Human ancestral diets changed substantially approximately four to five million years ago with major climatic changes creating open grassland environments.
We developed a larger brain balanced by a smaller, simpler gastrointestinal tract requiring higher-quality foods based around meat protein and fat.
Anthropological evidence from cranio-dental features and fossil stable isotope analysis indicates a growing reliance on meat consumption during human evolution.
Study of hunter-gatherer societies in recent times shows an extreme reliance on hunted and fished animal foods for survival.
Optimal foraging theory shows that wild plant foods in general give an inadequate energy return for survival, whereas the top-ranking food items for energy return are large hunted animals.
Numerous evolutionary adaptations in humans indicate high reliance on meat consumption, including poor taurine production, lack of ability to chain elongate plant fatty acids and the co-evolution of parasites related to dietary meat.
Without meat, said Milton, it's unlikely that proto humans could have secured enough energy and nutrition from the plants available in their African environment at that time to evolve into the active, sociable, intelligent creatures they became. Receding forests would have deprived them of the more nutritious leaves and fruits that forest-dwelling primates survive on, said Milton.
"Stone tools and fossil bones--the latter commonly displaying distinctive cut-marks produced when a carcass is dismembered and stripped of edible flesh with a sharp-edged stone flake--are found together on many Plio-Pleistocene archaeological sites, convincing proof that by at least 2.0 to 2.5 Ma [million years ago] before present (BP) these early hominids did in fact eat meat (Bunn 1986; Isaac and Crader 1981). In contrast, plant remains are absent or exceedingly rare on these ancient sites and their role in early hominid diet, therefore, can only be guessed on the basis of their known importance in contemporary forager diets, as well as their potential availability in Plio-Pleistocene environments (for example, see Peters et al. (1984); Sept (1984). Thus few today doubt that early hominids ate meat, and most would agree that they probably consumed far more meat than did their primate forebears. Instead, most studies nowadays focus primarily on how that meat was procured; that is, whether early hominids actively hunted animals, particularly large-bodied prey, or scavenged carcasses...I fully concur with the view that meat was a regular and important component of early hominid diet. For this, the archaeological and taphonomic evidence is compelling."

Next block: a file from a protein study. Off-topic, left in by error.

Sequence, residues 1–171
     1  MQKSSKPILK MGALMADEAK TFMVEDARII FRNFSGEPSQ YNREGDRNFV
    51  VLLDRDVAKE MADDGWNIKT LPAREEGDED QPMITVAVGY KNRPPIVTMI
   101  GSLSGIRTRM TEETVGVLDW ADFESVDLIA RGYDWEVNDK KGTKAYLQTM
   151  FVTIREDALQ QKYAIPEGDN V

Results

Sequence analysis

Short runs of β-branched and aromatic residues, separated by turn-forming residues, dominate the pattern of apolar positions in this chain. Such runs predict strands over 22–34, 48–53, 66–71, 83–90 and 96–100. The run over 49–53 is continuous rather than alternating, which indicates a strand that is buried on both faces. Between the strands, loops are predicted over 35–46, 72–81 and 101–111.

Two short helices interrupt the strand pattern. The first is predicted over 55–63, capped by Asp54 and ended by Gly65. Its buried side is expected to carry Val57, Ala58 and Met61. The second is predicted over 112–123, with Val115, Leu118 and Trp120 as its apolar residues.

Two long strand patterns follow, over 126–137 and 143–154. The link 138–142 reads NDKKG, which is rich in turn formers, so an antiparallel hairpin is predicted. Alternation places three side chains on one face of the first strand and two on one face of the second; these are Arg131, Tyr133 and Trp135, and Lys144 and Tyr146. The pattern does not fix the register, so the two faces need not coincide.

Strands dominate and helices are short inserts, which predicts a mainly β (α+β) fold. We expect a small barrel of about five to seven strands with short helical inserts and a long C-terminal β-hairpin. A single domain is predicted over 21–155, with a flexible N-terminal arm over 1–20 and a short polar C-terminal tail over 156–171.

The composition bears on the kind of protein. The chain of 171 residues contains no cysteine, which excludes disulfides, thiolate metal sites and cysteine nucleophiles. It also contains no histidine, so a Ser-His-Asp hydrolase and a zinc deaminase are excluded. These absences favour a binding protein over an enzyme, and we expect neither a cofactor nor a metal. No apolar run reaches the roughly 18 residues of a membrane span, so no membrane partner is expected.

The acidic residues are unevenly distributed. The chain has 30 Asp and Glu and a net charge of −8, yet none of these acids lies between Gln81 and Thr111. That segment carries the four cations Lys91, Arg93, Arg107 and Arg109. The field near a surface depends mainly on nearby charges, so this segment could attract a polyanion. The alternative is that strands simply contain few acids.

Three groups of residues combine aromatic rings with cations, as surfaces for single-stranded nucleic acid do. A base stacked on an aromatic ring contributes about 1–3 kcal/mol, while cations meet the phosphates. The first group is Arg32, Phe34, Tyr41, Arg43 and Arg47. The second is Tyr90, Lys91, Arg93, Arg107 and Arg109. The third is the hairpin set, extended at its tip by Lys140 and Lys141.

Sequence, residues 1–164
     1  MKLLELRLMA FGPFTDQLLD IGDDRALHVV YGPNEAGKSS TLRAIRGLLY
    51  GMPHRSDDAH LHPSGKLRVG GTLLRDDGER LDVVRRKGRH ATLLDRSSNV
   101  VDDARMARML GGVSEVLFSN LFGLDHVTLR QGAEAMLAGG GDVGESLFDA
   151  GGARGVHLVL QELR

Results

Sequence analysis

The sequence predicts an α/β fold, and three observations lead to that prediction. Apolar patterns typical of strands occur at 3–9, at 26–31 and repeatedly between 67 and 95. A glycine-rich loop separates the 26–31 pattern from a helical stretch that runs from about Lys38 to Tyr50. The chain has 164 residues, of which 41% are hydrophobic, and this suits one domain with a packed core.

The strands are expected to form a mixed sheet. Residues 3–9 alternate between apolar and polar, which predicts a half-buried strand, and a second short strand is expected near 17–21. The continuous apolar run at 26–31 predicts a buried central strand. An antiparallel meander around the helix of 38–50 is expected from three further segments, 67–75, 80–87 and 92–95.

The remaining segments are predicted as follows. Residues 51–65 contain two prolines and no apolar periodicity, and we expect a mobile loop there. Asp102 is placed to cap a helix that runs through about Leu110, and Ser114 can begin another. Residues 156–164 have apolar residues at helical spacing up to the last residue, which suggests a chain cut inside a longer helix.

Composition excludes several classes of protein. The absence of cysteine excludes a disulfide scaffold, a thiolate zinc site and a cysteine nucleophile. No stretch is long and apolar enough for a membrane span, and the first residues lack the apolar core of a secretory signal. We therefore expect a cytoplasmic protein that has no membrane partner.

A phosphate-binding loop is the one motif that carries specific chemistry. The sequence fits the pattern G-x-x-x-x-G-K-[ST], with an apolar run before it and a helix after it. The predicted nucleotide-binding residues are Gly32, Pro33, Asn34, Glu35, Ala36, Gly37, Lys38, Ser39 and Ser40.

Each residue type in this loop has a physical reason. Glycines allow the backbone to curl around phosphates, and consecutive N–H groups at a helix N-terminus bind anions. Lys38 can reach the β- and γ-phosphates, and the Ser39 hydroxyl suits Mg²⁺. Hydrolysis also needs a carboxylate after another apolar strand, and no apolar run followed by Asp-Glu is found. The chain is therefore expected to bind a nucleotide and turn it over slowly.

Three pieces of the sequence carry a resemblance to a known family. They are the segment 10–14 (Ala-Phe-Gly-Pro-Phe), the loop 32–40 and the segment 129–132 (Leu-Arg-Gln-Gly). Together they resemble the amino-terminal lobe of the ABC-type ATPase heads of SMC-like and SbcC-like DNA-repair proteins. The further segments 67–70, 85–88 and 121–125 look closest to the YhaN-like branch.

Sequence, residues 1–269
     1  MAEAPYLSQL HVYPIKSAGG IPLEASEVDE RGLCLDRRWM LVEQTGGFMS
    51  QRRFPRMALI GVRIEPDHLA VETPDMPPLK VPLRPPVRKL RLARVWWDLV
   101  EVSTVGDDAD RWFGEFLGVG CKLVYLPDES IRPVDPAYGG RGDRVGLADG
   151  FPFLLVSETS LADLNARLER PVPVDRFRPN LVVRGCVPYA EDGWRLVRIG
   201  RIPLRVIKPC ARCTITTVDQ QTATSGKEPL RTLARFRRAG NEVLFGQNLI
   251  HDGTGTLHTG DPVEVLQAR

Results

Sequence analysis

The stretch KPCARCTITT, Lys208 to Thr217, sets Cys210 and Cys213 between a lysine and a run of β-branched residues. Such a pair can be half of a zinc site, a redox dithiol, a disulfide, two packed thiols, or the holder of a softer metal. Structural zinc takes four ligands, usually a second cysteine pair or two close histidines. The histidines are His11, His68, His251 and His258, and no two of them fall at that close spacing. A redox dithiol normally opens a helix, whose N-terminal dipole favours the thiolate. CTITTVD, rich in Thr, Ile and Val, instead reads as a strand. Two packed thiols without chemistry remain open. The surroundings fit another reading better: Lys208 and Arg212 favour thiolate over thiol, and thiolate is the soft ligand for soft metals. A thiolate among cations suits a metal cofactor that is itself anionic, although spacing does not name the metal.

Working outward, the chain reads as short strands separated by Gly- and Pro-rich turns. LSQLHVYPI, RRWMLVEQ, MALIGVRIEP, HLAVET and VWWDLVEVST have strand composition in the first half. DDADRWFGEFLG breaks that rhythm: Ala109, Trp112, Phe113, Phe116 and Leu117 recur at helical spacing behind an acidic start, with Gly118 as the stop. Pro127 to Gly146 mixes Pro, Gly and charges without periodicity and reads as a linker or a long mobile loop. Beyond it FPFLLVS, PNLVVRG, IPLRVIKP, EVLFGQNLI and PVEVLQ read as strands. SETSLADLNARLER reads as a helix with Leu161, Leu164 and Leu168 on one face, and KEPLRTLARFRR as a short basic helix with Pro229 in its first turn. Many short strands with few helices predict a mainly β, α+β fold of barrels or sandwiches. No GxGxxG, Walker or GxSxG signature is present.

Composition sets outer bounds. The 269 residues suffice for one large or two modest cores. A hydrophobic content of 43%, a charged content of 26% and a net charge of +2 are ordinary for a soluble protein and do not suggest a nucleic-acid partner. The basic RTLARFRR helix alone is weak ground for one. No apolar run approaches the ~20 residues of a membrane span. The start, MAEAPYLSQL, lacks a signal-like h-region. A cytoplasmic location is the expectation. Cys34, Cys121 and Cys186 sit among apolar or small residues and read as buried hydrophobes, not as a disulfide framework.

When Hardy et al wrote their paper, they got widespread public acclaim from the communities that laud the benefits of carbohydrates (even though, scientifically speaking, there aren't any). Fortunately there are some clever minds out there who could spot the flaws in the paper and they managed to come up with this one.
Barry Groves Goes Through the Logic of Human Digestive Systems
Agriculture cost us as a species, big time. We’ve spent the last 500 generations—or less, less than 0.4% of our evolutionary history —after we spent more than 100,000 generations (99.9+%) on a mostly meat and fat diet—eating a diet that is demonstrably and increasingly unnatural to our species. Pre-agricultural paleolithic hunters and gatherers derived most of their calories from about 100-200 different species of wild animals (meat and fat being as much as 90% of their dietary economy)…and to a lesser degree fibrous vegetables, greens and nuts/fruits. Suddenly, all of about 17 species of plants today, most of which are entirely new to the human diet—are providing 90 percent of the world’s food supply. That’s an insanely huge flip-flop, and it has NOT been a healthy one. The toll this has taken upon our health, not to mention the health of the planetary environment is immeasurable and tragic.
Paleopathology and the Origins of the Paleo Diet - Dr. Mike Eades
As early as 64,000 years ago Iberian Neanderthals created cave paintings FEBRUARY 22, 2018 NeanderthalsAt least 70,000 years ago Homo sapiens used perforated marine shells and colour pigments. From around 40,000 years ago he created decorative items, jewellery and cave art in Europe. Using Uranium-Thorium dating an international team of researchers co-directed by Dirk Hoffmann of the Max Planck Institute for Evolutionary Anthropology in Leipzig, Germany, now demonstrates that more than 115,000 years ago Neanderthals produced symbolic objects, and that they created cave art more than 20,000 years before modern humans first arrived in Europe. The researchers conclude that our cousins’ cognitive abilities were equivalent to our own.